Mourn'st thou thy homeless state? O soft, repining wind! That early seek'st and late The rest it is thy fate Not to find.

Not on the mountain's breast, Not on the ocean's shore, In all the East and West: The wind that stops to rest Is no more.

By valleys, woods, and springs, No wonder thou shouldst grieve For all the glorious things Thou touchest with thy wings And must leave.



THE CONQUEROR'S GRAVE.

Within this lowly grave a Conqueror lies, And yet the monument proclaims it not, Nor round the sleeper's name hath chisel wrought The emblems of a fame that never dies,— Ivy and amaranth, in a graceful sheaf, Twined with the laurel's fair, imperial leaf. A simple name alone, To the great world unknown, Is graven here, and wild-flowers, rising round, Meek meadow-sweet and violets of the ground, Lean lovingly against the humble stone. Here, in the quiet earth, they laid apart No man of iron mould and bloody hands, Who sought to wreak upon the cowering lands The passions that consumed his restless heart; But one of tender spirit and delicate frame, Gentlest, in mien and mind, Of gentle womankind, Timidly shrinking from the breath of blame: One in whose eyes the smile of kindness made Its haunt, like flowers by sunny brooks in May, Yet at the thought of others' pain, a shade Of sweeter sadness chased the smile away.

Nor deem that when the hand that moulders here Was raised in menace, realms were chilled with fear, And armies mustered at the sign, as when Clouds rise on clouds before the rainy East— Gray captains leading bands of veteran men And fiery youths to be the vulture's feast. Not thus were waged the mighty wars that gave The victory to her who fills this grave: Alone her task was wrought, Alone the battle fought; Through that long strife her constant hope was staid On God alone, nor looked for other aid.

She met the hosts of Sorrow with a look That altered not beneath the frown they wore, And soon the lowering brood were tamed, and took, Meekly, her gentle rule, and frowned no more. Her soft hand put aside the assaults of wrath, And calmly broke in twain The fiery shafts of pain, And rent the nets of passion from her path. By that victorious hand despair was slain. With love she vanquished hate and overcame Evil with good, in her Great Master's name. Her glory is not of this shadowy state, Glory that with the fleeting season dies; But when she entered at the sapphire gate What joy was radiant in celestial eyes! How heaven's bright depths with sounding welcome rung, And flowers of heaven by shining hands were flung! And He who, long before, Pain, scorn, and sorrow bore, The Mighty Sufferer, with aspect sweet, Smiled on the timid stranger from his seat; He who returning, glorious, from the grave, Dragged Death, disarmed, in chains, a crouching slave.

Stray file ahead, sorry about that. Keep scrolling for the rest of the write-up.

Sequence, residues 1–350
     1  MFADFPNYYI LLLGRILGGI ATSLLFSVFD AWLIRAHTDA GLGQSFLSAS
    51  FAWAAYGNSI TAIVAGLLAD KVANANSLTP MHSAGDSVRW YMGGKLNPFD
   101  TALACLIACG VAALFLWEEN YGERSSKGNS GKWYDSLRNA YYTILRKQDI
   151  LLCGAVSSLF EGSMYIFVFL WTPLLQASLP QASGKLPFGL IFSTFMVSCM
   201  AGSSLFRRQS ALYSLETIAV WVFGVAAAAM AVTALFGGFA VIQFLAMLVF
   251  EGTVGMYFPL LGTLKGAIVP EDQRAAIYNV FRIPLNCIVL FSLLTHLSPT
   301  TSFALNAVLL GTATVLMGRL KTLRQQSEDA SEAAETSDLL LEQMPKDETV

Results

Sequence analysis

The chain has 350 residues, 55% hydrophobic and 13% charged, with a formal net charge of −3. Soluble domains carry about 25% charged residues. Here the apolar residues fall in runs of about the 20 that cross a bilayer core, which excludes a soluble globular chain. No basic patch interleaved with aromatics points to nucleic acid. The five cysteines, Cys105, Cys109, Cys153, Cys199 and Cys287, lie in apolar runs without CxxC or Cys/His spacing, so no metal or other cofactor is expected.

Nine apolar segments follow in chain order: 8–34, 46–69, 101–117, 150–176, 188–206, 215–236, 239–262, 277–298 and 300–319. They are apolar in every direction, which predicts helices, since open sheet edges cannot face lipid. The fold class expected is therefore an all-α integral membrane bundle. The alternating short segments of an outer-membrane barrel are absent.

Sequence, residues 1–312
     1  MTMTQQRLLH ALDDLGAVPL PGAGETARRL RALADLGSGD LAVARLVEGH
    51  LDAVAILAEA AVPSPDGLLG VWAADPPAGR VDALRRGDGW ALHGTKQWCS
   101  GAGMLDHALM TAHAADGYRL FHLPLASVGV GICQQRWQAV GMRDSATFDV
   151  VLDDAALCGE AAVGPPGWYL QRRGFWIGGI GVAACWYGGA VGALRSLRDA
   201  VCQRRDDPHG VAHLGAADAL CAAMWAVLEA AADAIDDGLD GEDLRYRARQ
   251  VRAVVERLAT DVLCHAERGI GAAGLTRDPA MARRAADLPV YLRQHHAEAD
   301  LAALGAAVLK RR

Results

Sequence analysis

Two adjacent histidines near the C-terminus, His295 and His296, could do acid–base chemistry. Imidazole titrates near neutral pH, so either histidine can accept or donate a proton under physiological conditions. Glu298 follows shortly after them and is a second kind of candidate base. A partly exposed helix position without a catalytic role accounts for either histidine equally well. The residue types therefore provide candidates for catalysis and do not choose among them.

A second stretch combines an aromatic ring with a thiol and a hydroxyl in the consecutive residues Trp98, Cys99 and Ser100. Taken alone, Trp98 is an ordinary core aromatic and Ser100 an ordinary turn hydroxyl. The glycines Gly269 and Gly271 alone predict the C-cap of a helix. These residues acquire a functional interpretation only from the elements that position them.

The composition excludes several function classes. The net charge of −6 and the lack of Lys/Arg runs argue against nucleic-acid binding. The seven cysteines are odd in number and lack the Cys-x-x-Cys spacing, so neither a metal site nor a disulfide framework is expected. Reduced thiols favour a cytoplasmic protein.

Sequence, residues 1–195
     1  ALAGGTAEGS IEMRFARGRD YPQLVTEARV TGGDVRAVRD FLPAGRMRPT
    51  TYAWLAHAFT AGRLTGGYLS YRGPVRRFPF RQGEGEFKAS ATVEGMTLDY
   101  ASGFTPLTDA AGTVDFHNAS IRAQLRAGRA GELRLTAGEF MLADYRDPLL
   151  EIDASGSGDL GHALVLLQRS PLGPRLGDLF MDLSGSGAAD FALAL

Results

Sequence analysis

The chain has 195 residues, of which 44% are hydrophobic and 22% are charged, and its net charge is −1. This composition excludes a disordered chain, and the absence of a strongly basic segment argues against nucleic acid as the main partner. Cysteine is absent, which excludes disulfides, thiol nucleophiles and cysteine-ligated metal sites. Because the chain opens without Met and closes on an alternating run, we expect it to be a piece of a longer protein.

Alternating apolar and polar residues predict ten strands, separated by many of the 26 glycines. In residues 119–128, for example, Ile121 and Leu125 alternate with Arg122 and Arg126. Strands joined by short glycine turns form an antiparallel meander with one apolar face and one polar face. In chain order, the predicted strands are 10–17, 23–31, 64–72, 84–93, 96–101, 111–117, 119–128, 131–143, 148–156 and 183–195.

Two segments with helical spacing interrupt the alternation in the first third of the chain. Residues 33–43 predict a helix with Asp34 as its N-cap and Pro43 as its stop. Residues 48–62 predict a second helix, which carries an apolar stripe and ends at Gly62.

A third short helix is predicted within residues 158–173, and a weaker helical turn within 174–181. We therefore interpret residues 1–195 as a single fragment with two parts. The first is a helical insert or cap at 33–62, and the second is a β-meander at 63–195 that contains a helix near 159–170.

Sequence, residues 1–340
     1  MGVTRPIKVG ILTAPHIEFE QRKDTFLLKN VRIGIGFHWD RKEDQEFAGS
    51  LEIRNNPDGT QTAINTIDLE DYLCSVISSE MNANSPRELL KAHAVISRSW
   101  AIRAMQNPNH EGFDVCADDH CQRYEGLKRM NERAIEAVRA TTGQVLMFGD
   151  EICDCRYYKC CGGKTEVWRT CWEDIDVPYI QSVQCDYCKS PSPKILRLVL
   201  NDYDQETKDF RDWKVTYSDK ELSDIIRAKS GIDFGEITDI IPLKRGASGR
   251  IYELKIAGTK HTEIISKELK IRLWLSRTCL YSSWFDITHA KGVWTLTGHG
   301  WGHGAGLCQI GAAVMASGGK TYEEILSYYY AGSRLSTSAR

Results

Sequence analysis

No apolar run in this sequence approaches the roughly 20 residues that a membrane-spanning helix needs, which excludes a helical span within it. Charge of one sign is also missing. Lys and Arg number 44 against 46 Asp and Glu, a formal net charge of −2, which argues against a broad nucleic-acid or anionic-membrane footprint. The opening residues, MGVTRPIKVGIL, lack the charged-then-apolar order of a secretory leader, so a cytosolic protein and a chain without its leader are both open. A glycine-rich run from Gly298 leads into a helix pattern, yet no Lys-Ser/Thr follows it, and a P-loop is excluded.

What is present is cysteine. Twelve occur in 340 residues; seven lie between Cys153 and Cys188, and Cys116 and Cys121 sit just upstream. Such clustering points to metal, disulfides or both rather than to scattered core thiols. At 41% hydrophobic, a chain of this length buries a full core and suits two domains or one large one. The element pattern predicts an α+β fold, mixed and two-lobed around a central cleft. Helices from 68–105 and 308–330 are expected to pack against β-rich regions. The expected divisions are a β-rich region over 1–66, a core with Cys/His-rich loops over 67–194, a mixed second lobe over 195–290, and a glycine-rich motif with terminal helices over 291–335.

See, as I linger here, the sun grows low; Cool airs are murmuring that the night is near. Oh, gentle sleeper, from thy grave I go Consoled though sad, in hope and yet in fear. Brief is the time, I know, The warfare scarce begun; Yet all may win the triumphs thou hast won. Still flows the fount whose waters strengthened thee, The victors' names are yet too few to fill Heaven's mighty roll; the glorious armory, That ministered to thee, is open still.



THE PLANTING OF THE APPLE-TREE.

Come, let us plant the apple-tree. Cleave the tough greensward with the spade; Wide let its hollow bed be made; There gently lay the roots, and there Sift the dark mould with kindly care, And press it o'er them tenderly, As, round the sleeping infant's feet, We softly fold the cradle-sheet: So plant we the apple-tree.

What plant we in this apple-tree? Buds, which the breath of summer days Shall lengthen into leafy sprays; Boughs where the thrush, with crimson breast, Shall haunt and sing and hide her nest; We plant, upon the sunny lea, A shadow for the noontide hour, A shelter from the summer shower, When we plant the apple-tree.

What plant we in this apple-tree? Sweets for a hundred flowery springs To load the May-wind's restless wings, When, from the orchard-row, he pours Its fragrance through our open doors; A world of blossoms for the bee, Flowers for the sick girl's silent room, For the glad infant sprigs of bloom, We plant with the apple-tree.

What plant we in this apple-tree? Fruits that shall swell in sunny June, And redden in the August noon, And drop, when gentle airs come by, That fan the blue September sky, While children come, with cries of glee, And seek them where the fragrant grass Betrays their bed to those who pass, At the foot of the apple-tree.

And when, above this apple-tree, The winter stars are quivering bright, And winds go howling through the night, Girls, whose young eyes o'erflow with mirth, Shall peel its fruit by cottage-hearth, And guests in prouder homes shall see, Heaped with the grape of Cintra's vine And golden orange of the line, The fruit of the apple-tree.

The fruitage of this apple-tree Winds and our flag of stripe and star Shall bear to coasts that lie afar, Where men shall wonder at the view, And ask in what fair groves they grew; And sojourners beyond the sea Shall think of childhood's careless day, And long, long hours of summer play, In the shade of the apple-tree.